by Jayna Genti
Readers will recall that last year we reported on the Roanoke Times’ lawsuit against its former sportswriter Andy Bitter over ownership of the @AndyBitterVT Twitter account and its followers (see “Who owns your company’s social media accounts?” on pg. 3 of our September 2018 issue and “Update on Roanoke Times’ Twitter lawsuit” on pg. 3 of our November 2018 issue). The newspaper first sued Bitter in Roanoke federal district court last August. The lawsuit sought to gain access to and use of the Twitter account. He had inherited the account from his predecessor on the beat but significantly increased the number of followers with his own reporting. He countersued the newspaper for defamation. It looked as though this would be a long, drawn-out dispute. But in a sudden turnaround, both sides have now agreed to a settlement.
The settlement may have been prompted by the federal court’s decision to deny the Roanoke Times’ attempt to prevent Bitter from using the disputed Twitter account while the case was being litigated. That ruling came after a seven-hour evidentiary hearing. Following the hearing, the court found two things—first, that the evidence failed to clearly establish that the newspaper was likely to prevail on the merits, and second, that irreparable harm would not result if he continued to use the account.
Regarding the likelihood of success, the court said the Roanoke Times had failed to prove by the high standard of clear and convincing evidence that it was the owner of the Twitter account or that it was a Roanoke Times-branded account, as opposed to a personal Twitter account owned by Bitter. Further, the court found that, given the public nature of the Twitter content and followers, the paper had failed to establish that the account contained any trade secrets under federal or state law.
Next, the court noted that the Roanoke Times hadn’t provided any evidence of irreparable harm should Bitter continue to use the account. This especially was the case because the account’s followers are publicly known. Additionally, the court found significant the paper’s “remarkable self-imposed ban on its own reporters’ use of Twitter to cover Virginia Tech football.”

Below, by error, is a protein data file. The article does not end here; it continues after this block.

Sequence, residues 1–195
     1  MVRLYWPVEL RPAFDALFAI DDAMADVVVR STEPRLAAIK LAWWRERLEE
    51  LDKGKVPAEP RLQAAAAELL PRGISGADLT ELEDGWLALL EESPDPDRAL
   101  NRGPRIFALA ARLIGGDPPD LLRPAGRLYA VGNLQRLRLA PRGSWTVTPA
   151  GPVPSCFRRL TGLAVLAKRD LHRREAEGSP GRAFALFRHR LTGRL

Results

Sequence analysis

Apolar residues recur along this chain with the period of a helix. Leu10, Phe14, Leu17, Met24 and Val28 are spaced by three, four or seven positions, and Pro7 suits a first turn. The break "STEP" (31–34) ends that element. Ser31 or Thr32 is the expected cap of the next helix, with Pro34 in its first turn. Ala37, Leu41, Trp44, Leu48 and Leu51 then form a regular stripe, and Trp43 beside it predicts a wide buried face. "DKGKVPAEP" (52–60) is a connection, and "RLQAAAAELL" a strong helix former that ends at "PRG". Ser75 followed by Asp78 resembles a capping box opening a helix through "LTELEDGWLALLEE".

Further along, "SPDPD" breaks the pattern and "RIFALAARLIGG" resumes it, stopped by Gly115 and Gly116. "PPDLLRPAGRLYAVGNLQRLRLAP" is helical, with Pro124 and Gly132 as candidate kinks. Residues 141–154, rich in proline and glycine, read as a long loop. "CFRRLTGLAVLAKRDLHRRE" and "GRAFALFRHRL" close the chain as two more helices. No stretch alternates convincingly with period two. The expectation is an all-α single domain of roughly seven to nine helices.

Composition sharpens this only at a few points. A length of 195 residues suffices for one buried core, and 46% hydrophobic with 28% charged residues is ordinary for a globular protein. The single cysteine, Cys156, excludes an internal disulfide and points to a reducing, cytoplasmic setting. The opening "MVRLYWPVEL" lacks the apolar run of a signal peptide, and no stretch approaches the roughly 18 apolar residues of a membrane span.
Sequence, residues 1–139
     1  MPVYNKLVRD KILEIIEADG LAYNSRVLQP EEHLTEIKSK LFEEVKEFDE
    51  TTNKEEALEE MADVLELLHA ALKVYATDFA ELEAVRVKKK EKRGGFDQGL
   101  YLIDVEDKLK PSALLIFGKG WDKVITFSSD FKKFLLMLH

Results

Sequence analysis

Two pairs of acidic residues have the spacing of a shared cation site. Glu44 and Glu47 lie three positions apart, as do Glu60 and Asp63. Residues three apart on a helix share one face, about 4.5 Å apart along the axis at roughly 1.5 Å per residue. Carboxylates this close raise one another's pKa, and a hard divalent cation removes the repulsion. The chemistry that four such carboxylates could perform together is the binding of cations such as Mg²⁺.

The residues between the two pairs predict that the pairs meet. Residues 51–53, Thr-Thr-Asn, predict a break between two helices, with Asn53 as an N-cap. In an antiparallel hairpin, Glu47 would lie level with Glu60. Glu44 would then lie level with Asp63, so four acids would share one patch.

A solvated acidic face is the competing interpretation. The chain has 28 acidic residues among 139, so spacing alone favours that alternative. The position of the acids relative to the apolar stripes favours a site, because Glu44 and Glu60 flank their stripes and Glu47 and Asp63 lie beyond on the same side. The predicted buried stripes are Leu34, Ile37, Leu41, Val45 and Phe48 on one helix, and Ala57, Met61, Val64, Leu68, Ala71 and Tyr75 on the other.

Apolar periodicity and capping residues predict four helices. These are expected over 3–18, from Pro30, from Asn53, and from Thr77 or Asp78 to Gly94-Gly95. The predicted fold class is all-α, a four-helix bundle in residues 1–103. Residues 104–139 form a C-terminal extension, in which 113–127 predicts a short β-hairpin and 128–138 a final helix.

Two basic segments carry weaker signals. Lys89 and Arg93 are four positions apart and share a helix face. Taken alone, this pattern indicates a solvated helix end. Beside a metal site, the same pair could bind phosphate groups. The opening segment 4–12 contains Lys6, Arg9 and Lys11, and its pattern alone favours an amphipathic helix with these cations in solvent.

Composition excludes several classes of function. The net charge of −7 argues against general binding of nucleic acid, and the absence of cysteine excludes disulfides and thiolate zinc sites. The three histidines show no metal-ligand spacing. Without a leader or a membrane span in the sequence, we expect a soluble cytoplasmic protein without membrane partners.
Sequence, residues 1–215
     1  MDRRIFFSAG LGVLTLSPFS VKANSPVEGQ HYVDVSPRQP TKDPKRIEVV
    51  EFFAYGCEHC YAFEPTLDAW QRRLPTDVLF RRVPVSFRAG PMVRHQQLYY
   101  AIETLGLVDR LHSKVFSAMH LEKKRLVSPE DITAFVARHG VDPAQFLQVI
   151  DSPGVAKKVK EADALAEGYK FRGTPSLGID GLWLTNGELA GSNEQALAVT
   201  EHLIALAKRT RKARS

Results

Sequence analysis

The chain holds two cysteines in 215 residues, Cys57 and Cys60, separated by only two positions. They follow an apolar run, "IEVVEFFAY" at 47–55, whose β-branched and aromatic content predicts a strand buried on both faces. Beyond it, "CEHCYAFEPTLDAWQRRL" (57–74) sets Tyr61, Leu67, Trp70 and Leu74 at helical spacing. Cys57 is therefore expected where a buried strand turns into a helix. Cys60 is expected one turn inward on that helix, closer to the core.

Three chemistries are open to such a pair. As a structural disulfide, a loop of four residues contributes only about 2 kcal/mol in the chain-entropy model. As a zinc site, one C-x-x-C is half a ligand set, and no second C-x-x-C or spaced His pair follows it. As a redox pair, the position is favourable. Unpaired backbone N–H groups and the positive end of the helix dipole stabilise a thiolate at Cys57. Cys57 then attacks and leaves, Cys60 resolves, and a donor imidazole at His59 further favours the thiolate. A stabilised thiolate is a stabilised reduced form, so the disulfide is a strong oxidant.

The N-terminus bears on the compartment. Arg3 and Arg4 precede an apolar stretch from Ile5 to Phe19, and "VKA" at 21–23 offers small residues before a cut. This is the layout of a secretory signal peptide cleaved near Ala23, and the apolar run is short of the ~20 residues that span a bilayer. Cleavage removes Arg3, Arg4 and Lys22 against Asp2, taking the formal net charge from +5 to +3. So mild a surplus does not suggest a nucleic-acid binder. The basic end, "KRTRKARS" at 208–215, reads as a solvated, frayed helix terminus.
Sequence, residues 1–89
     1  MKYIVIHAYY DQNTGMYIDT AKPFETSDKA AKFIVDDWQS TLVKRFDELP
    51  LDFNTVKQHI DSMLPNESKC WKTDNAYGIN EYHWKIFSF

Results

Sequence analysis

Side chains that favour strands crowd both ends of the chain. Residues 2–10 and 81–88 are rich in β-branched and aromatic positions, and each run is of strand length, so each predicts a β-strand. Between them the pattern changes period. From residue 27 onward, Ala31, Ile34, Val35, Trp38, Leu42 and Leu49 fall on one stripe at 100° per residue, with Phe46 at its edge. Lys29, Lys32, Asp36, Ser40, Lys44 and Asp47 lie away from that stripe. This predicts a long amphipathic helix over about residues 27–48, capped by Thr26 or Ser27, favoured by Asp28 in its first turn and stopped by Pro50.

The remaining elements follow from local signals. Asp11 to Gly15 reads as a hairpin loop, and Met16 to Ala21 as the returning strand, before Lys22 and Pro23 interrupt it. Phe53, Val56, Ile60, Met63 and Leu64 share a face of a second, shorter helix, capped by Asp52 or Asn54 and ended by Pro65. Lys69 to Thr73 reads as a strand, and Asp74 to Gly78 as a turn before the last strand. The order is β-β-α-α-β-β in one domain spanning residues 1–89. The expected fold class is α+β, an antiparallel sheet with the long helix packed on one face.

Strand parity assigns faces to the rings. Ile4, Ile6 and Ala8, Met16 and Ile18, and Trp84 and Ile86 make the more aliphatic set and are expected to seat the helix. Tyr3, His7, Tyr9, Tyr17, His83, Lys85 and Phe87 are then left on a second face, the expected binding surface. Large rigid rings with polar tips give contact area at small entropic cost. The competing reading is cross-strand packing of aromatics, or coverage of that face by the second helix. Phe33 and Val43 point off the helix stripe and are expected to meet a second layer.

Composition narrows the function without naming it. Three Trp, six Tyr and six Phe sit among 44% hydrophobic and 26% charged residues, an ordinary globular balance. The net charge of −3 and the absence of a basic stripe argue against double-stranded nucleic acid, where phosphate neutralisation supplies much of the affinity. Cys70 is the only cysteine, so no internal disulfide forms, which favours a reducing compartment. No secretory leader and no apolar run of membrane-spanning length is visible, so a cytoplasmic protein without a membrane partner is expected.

Although the court expressed skepticism about the merit of the Roanoke Times’ legal arguments, it acknowledged there was a certain equity to the paper’s position. Indeed, it noted that the balance of equities somewhat favored the paper based on the evidence that the Twitter account was developed while Bitter was employed as a sports reporter and that this activity, at a minimum, was encouraged as part of his sports-coverage responsibilities. Given the strengths of each side of the dispute, the court ordered them to attend a settlement conference to attempt to resolve the matter.
After the court issued its order, a settlement conference was convened. As a result of discussing the strengths and weaknesses of their respective cases, Bitter and the paper decided to settle, and the court, therefore, dismissed the dueling claims. The terms of the settlement haven’t been made public, but the federal court docket indicates that it was reached on mutually agreeable terms.
As part of the settlement, it appears that Bitter will retain access to the account, which uses the handle @AndyBitterVT. Indeed, following the court’s dismissal, he posted a statement to that effect, directing readers to the Roanoke Times’ new Virginia Tech-focused account. As he tweeted, “The Roanoke Times and I have agreed to drop our claims against each other and get on with our lives. I’ll continue to tweet from my account as I always have since I started covering Virginia Tech. If you’re inclined, consider following my successor at the Roanoke Times, Mike Niziolek, at @VTSportsRT. I look forward to continuing to report Virginia Tech football for The Athletic is his new employer. BH Media Group, Inc. v. Bitter, Case No. 7:18-cv-00388 (W.D. Va.).
Significantly, the Roanoke Times apparently has learned from the legal dispute with Bitter the dangers of allowing a reporter to use his name as part of a Twitter handle. That’s because his successor at the paper will be using the handle @VTSportsRT, which references the name of the newspaper and sports team but not the reporter.
If you are facing a similar situation, where one or more of your employees uses Twitter or another social media platform as part of the job, you may want to have the Twitter handle or account name be in your company’s name, not the employee’s name. That will help to clarify that you own and control the account, not your employee.